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Europe's business leaders may recognise the need to evolve to take on the disruptors like Uber and AirBnB, but they're still not moving quickly enough, experts are warning.
"Time and time again we have seen the mighty fall because they didn't pay attention until it was too late," Adam Graham, chair of digital industry association BIMA told CNBC via email.
"Established companies have the ability to change direction quickly. It takes guts and determination but it is essential to surviving in a fast changing market."
"If you don't change with the changes that are happening in the broader environment then you fail," Tarek Nseir, CEO of digital transformation agency TH_NK told CNBC in a phone interview.
Retail banks, for instance, are failing to adjust to disruption by holding onto their expensive branch networks while more and more customers switch to digital banking, according to Nseir.
"It's going to be almost impossible to steer that ship in time to accommodate that disruption," he said. "I suspect that's the position most of these banks will find themselves in."
Some banks have responded by investing in digital disruptors. Spanish banking giant BBVA paid £45million ($64.77million) for a 30 percent stake in Atom Bank, a new bank in the U.K. which is only available through mobile and tablet apps. Customers can open an account by registering online.
"The digital consumer no longer needs the old-fashioned banking model and technology allows us to create a digital proposition that, in my view, betters a traditional retail banking proposition," he added.
John Lyons, PwC's head of retail banking, said that traditional banks are looking critically at the cost of maintaining their branch networks.
"Technology is eroding the case for branches year on year as more people get used to products and services being delivered digitally," he told CNBC via email.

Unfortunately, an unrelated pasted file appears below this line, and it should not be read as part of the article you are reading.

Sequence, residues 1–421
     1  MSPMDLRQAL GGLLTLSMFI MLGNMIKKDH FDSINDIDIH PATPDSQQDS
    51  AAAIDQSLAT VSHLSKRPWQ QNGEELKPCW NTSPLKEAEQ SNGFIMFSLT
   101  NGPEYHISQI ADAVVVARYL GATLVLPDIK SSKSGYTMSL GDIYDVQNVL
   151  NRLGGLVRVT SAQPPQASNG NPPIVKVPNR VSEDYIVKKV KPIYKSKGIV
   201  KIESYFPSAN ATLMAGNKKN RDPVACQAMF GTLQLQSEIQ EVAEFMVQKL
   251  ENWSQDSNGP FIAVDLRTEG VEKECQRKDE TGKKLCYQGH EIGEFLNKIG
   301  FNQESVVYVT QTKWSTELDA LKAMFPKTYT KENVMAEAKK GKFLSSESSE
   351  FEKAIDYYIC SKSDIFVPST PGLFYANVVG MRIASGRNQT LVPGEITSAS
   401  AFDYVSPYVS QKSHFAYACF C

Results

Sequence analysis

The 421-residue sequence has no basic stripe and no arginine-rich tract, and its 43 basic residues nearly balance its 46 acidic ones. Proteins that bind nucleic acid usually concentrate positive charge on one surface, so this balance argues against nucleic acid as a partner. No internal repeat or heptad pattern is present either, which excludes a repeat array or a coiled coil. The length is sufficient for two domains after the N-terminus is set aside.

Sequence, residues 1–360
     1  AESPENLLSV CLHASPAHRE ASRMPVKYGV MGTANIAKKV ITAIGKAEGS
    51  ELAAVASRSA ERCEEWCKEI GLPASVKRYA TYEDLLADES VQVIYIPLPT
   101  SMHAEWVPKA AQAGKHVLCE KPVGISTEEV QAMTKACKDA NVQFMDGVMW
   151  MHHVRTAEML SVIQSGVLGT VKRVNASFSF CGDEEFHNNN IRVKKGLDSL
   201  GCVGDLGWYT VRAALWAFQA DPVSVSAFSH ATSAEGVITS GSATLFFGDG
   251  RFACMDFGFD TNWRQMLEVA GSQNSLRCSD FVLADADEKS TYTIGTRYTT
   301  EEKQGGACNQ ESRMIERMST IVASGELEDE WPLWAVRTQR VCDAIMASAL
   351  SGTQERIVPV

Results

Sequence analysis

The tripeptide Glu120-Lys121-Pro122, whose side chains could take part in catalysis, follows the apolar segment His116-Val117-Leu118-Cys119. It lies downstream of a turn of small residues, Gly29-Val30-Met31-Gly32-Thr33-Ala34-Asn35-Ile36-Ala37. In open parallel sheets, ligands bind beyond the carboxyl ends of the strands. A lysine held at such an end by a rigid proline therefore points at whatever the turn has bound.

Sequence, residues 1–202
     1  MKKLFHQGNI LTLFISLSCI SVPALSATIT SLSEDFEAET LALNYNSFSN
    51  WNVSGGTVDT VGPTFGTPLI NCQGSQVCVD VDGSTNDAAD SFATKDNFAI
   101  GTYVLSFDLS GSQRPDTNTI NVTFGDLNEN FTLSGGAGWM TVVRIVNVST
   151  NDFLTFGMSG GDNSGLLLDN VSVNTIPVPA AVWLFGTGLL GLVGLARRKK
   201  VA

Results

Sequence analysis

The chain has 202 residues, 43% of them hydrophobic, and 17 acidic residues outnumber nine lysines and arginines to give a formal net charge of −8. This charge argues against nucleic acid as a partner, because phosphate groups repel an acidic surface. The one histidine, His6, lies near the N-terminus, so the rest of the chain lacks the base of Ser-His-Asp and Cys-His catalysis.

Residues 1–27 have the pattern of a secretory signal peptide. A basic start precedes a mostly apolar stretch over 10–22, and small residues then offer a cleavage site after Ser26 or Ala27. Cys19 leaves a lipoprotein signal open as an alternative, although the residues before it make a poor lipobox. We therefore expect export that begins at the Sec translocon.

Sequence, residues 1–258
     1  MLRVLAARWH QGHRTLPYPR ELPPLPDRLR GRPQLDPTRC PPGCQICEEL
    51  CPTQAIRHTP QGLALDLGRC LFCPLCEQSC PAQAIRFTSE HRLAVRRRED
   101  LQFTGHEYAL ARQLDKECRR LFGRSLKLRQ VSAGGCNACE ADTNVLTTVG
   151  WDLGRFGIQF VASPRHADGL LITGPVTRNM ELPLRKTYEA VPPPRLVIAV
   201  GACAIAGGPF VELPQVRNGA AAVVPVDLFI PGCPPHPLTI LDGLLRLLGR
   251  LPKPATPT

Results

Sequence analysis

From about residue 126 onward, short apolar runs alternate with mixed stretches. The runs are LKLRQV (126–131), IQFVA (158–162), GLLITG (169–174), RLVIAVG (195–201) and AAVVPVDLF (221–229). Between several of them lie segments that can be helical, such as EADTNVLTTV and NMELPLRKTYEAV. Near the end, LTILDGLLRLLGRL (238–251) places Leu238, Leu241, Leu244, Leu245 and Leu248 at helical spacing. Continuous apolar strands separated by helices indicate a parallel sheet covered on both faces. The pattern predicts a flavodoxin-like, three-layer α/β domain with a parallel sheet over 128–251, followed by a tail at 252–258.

According to Lyons, bank branches won't disappear anytime soon, but will reduce in number each year. In addition, technical solutions are replacing the need for face to face interactions.
"We are seeing rapid growth in the use of video conferencing," Lyons explained. "Artificial Intelligence is supporting more complex services being delivered online."
Nseir's advice for businesses was that leadership teams need to come to an understanding about how things are changing and modernize their core businesses accordingly.
"While people constantly try and measure the upside of transformation programs, what we often find with our customers is no one models the potential downside of not transforming at the pace required," he said.
The real estate business is also being disrupted. In recent years, several online estate agencies have been set up, allowing consumers to buy and sell properties digitally rather than visit a high street branch. Currently, online estate agents only have 4-5 percent of market share, but a recent YouGov survey of 1,300 U.K. residents found 32 percent would seriously consider using an online estate agent.
Nseir predicts that, within the next five years, the commercial estate agency business will be turned on its head by digital disruption. Already, websites in the U.K. such as Purple Bricks are providing an online estate agency service for residential property.
"If you are a landlord or you are buying or selling a property, why would you pay up to three or four times as much for a traditional estate agency when it's quite clear that the likes of Purple Bricks and other models are able to provide just as much reach to a potential audience of buyers but of far greater value," explained
One such disruptor is eMoov.
"The online sector has evolved at such a rapid rate. During its conception the main advantage was price, selling a house for a fraction of the charges imposed by a high street agent," Russell Quirk, founder and CEO of eMoov, told CNBC via email.
"The future of estate agency really is here and as it continues to grow the consumer is the one who will benefit as a result"
According to Nseir, companies within this sector are not prepared for the coming changes.
"It's not going to stop at residential; it will absolutely be commercial as well. There's no difference between a value seeking private landlord and a value seeking business that is looking for a new home," he said.
"That market is going to disrupt incredibly quickly," he added.